Hello, there! My name is Preston Barta, and I am the features editor of Fresh Fiction and senior film critic at the Denton Record-Chronicle. My cinematic love story began where I was born: off planet on the isolated desert world of the Jakku system. It's there I passed the time scavenging for loose parts with my good friend Rey. One day I found an old film projector and a dusty reel of the 1975 film JAWS. It rocked my world so much that I left my kinfolk in the rearview (I so miss their morning cups of green milk) to pursue my dreams of writing about film. It wasn't long until I met two gents who said they would give me a lift. I can't recall their names, but one was an older man who liked to point a lot and the other was a tall, hairy fella. They got me as far as one of Jupiter's moons where we crossed paths with the U.S.S. Enterprise. Some pointy-eared bastard said I was clear to come aboard. He saw that I was clutching my beloved shark movie and invited me to the "moving pictures room" where he was screening the 1993 film JURASSIC PARK to his crew. He said my life would be much more prosperous if I were familiar with more work by the god named Steven Spielberg. From there, my love for cinema blossomed. Once we reached planet Earth, everything changed. I found the small town of Denton, TX, and was welcomed into the Barta family. They showed me the writings of local film critic Boo Allen. He became my hero and caused me to chase a degree in film and journalism. After my studies at graduate of the Hogwarts School of Witchcraft and Wizardry, I met some film critics who showed me the ropes and got me into my first press screening: 2011's THE GREEN LANTERN. Don't worry; I recovered just fine. MAD MAX: FURY ROAD was only four years away.
Preston Barta // Editor
If you were ever bored in the waiting room at the doctor’s office as a kid, you may remember picking up Highlights for Children. It’s that colorful children’s magazine with all the fun pictures, stories and puzzles inside. Perhaps sections such as “Hidden Pictures,” “Ask Arizona” and “Goofus and Gallant” flood in cherished memories from the past.
There was something extraordinary about that time in our lives when we’d pick up that special magazine, connect with the stories within those 44 pages and explore a world of imagination and creativity that much of modern technology seems to push us away from.
The impeccably titled documentary 44 PAGES homes in on this fact. It also provides viewers with a golden ticket opportunity to explore the publication’s history and how fiercely dedicated its employees are to making a difference and helping children understand the world around them.
“Being around the people of Highlights and knowing just how considerate they are with every detail, it made me considerate of them as subjects,” director Tony Shaff (TEEN MOM 2, HOTLINE) said in a recent interview. “It’s reassuring to know a magazine and people such as this exist and that good information is being pumped out into young brains.”
Shaff captures Highlights in such a way that makes its staff feel as though they are part of a family you both know and love. Never do the subjects try to put on a show, manipulate your emotions or impress you. Every image shown and word that is spoken in the film comes from an honest place.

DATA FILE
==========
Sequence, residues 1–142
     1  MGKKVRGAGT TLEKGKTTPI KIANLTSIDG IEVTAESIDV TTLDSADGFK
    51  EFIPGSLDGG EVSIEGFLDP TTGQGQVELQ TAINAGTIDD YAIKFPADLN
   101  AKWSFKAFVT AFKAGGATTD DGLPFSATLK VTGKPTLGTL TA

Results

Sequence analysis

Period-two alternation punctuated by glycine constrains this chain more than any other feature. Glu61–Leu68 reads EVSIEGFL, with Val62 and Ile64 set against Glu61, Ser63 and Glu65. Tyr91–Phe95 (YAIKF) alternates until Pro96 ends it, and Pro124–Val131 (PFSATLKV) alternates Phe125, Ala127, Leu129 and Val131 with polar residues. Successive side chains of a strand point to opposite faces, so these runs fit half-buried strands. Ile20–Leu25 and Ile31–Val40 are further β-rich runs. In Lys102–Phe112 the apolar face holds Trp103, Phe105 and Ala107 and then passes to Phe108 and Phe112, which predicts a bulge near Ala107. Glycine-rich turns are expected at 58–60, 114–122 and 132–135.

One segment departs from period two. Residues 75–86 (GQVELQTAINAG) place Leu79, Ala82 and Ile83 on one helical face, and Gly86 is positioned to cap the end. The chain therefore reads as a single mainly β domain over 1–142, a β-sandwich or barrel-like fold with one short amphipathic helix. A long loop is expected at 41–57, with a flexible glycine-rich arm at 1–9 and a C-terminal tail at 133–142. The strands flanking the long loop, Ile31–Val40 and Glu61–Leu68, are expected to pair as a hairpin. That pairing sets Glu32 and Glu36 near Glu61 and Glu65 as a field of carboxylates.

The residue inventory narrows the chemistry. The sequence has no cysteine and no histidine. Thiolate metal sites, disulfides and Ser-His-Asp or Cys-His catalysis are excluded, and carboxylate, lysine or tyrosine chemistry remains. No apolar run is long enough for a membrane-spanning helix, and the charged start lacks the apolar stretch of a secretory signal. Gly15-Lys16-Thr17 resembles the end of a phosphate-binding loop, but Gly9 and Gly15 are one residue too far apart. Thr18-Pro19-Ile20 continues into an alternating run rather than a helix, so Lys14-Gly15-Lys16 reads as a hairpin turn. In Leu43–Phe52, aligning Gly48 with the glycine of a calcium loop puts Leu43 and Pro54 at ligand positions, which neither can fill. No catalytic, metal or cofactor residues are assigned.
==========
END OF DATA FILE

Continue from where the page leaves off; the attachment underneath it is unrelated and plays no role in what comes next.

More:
“The film does what the magazine does,” said producer Rebecca Green (IT FOLLOWS, I’LL SEE YOU IN MY DREAMS). “These are the kind of films that I respond to as a viewer: the ones where you think you know what it’s about and how it’s going to unfold from the outside looking in, but when you step back, you get a different perspective. For the magazine, it’s that ‘fun with a purpose’ concept, and I think 44 PAGES has that as well.”
Green’s producing partner, Laura Smith, agreed with the sentiment, adding, “It’s that subtlety that allows people in, too. Many documentaries, which I admire, all too often preach to the choir or are divisive. I think 44 PAGES is unifying, in a way. It brings people together and gives hope for the future.”
Some of last year’s most celebrated documentaries — whether they were about racial injustice (13TH) or tragedy (TOWER) — focused on their topics without much mercy. While these films are essential viewing, they’re not designed to leave us in high spirits. 44 PAGES also touches on trying matters, but how they’re revealed is unexpected.
What 44 PAGES made me realize was how subtle the magazine was about introducing me to the issues of the world and how to go about them. To me as a kid, everything might as well have been written and illustrated by a literary Santa Claus. I didn’t recognize that the people behind what’s on the pages are, in fact, people who are conscious of life’s unpalatable facts.
“The film addresses very tough material, but it’s not just one big call to action. It touches on many things,” Green said. “As filmmakers, we’re not going to give you the worst of everything and its every detail. We’ll simply provide you with some thoughts that you can carry with you and possibly use for good.”
“The magazine seeps into your philosophy and influences you. And as an adult, it causes you to look at children and question and think about the way they take in information,” Smith said.
As someone who’s about to be a parent, I’m constantly trying to get my hands on anything I can find on how to properly bring a child up in this world. Questions of where and how to raise children can weigh down one’s mind. But as the filmmakers of44 PAGES so eloquently state, everybody goes through obstacles in life. We all make mistakes and will be wrong, but it’s OK, because we’re not alone.
44 PAGES screened at the Dallas International Film Festival. We will keep you posted on future screenings and its release.